Beaver also set up spaces in the hallways for students to use as social areas and due to the underlying influences and culture of collaboration the students continue to use these areas as co-working spaces. “It’s important to democratize the space, to hand it over to the kids,” added Hutton.
Not only has the R+D addition been an asset to the students, but there has been a dramatic turn in teacher learning (and unlearning as well). Teachers who had a more traditional education themselves are feeling inspired in new ways by the flexible space and project-based mindset. It is not uncommon for faculty to see “a 6th grader showing a teacher how to solder” or for teachers to lean heavily on students in the R+D Center for assisting other students. Almost nine in ten students reported being confident in how to use the R+D Center.
The Beaver team has looked to art and theatre teachers for inspiration in how to manage the large space because “they have been using big messy spaces like this for a long time.” The Beaver team even worked with acoustical engineers to try and maximize the comfort and effectiveness of the new space.
The R+D Center is a great example of a well used flexible learning space, what we called the top trend of 2018. Beaver joins leading schools worldwide rethinking learning experiences and environments to boost “the New Basics”.
City As Classroom
For a decade, Beaver 10th and 11th graders have been spending a term at NuVu Studio on Mass. Ave. between Harvard and MIT in Cambridge. The urban term gives learners a rich place-based set of experiences. On a recent visit we observed Beaver students making ethnographic and economic maps of Cambridge after a walking tour. In a science studio, students were plotting and visualizing the type and intensity of smells identified on a similar walking tour.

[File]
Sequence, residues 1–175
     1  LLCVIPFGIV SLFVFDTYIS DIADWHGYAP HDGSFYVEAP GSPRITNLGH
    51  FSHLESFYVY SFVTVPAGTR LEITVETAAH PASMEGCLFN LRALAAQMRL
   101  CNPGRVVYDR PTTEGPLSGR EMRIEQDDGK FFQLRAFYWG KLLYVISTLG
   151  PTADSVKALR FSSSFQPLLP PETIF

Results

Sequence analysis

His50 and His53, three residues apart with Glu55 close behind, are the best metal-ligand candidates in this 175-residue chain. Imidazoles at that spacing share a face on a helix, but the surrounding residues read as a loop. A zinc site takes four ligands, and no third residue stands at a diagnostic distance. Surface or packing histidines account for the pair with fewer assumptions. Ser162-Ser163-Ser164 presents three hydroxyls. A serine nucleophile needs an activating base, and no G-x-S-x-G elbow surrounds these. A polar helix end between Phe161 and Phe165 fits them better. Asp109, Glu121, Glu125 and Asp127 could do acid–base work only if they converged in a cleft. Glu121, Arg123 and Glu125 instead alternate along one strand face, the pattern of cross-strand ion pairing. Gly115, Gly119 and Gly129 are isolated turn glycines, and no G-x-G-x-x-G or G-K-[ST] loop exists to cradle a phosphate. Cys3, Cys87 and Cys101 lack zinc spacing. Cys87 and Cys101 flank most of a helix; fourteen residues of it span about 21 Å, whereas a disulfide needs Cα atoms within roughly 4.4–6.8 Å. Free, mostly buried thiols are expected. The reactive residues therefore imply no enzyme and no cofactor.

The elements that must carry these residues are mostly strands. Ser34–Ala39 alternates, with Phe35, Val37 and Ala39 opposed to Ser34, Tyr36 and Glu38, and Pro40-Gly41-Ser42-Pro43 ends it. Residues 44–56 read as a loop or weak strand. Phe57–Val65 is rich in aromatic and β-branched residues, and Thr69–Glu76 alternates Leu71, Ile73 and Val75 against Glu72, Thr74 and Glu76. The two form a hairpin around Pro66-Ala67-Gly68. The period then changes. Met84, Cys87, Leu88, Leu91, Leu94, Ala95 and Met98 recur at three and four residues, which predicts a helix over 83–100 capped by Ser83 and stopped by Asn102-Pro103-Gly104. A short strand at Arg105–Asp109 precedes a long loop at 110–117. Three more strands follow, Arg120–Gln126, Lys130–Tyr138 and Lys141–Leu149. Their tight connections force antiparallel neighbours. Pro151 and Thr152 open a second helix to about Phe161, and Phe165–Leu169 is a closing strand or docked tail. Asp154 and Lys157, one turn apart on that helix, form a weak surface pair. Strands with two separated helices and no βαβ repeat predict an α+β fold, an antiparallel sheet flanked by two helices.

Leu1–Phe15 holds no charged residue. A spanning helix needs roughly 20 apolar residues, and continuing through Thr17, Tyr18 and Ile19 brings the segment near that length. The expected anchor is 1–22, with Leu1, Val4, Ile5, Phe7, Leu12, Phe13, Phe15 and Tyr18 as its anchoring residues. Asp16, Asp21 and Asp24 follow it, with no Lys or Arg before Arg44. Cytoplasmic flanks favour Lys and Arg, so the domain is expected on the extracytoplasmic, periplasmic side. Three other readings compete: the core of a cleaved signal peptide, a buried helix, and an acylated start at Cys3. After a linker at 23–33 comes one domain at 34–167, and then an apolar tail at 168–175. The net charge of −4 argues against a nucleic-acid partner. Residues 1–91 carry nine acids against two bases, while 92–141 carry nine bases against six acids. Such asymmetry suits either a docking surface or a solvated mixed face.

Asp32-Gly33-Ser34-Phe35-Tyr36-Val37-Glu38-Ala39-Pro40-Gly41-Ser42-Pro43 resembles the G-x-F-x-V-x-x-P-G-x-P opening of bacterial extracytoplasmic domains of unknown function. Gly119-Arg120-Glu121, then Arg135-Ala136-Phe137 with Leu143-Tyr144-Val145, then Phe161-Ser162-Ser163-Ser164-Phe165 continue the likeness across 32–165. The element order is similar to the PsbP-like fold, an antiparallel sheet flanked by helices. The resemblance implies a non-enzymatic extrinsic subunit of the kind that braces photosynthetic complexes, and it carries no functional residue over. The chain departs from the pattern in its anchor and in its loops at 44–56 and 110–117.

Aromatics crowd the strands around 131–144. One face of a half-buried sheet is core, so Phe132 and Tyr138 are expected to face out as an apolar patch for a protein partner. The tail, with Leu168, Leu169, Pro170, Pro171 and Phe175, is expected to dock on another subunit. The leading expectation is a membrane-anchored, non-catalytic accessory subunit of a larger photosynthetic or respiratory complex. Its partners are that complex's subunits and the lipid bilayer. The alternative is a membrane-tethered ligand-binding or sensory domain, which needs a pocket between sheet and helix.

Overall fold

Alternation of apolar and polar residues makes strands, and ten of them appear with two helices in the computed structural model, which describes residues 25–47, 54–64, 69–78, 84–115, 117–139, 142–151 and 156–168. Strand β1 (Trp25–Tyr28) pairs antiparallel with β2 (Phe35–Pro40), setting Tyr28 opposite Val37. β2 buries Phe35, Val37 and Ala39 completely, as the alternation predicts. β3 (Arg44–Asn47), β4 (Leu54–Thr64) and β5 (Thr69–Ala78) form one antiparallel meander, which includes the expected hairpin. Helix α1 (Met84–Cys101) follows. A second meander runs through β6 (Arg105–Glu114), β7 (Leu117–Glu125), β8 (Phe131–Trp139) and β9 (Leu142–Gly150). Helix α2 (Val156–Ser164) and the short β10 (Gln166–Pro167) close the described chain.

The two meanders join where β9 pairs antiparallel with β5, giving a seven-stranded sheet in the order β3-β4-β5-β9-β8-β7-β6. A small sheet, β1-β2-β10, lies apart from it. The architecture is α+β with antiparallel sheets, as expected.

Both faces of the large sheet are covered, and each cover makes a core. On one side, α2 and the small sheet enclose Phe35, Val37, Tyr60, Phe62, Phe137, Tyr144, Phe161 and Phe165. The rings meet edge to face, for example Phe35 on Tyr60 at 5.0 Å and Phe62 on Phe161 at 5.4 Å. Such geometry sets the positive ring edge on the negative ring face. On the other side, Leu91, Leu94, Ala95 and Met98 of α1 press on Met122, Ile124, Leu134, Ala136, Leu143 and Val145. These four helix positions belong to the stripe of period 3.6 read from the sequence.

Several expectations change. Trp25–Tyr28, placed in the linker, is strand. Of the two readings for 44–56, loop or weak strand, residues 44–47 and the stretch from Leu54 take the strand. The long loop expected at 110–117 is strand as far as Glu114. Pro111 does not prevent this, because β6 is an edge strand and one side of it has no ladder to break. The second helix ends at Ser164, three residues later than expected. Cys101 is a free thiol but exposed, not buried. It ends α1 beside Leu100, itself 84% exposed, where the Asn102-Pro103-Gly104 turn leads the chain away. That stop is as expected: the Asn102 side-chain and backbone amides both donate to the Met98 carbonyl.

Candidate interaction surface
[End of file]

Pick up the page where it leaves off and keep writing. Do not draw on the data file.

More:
The Beaver school practices what it preaches. It not only engages with the students and the nearby innovative academies, it also engages the parents of their students in “purpose-based” design activities to instill a culture of human-centered innovation even deeper in the Beaver community.
For the centennial of Beaver, the team has decided to look forward 100 years, rather than looking retrospectively at their past. This eye towards the future is an essential part of the Beaver mindset. They are creating a series of events on campus and across the country to celebrate and proliferate the Beaver experience and values.
For, more see:
- Studio-Based Learning and Self-Directed Students at NuVu
- Workspace Education: A Creative Approach to Competency- and Project-Based Science
- A Library Transformed (feature on Elizabethton High School, an XQ Super School)
- Mythbusters: Flexible Learning in Middle School (feature on Singapore American School)
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This post was originally published on Forbes.
This is an exciting concept but my question is “Who directs/oversees this facility?” I would hope it would be a certified school librarian. These indispensable staff members are experts in collaboration, resource selection, and curricular integration. They specialize in design thinking, developing problem based learning strategies, and Makerspace implementation. There may be one in the school featured in this article but if there is, which I doubt, there is no mention. What a shame....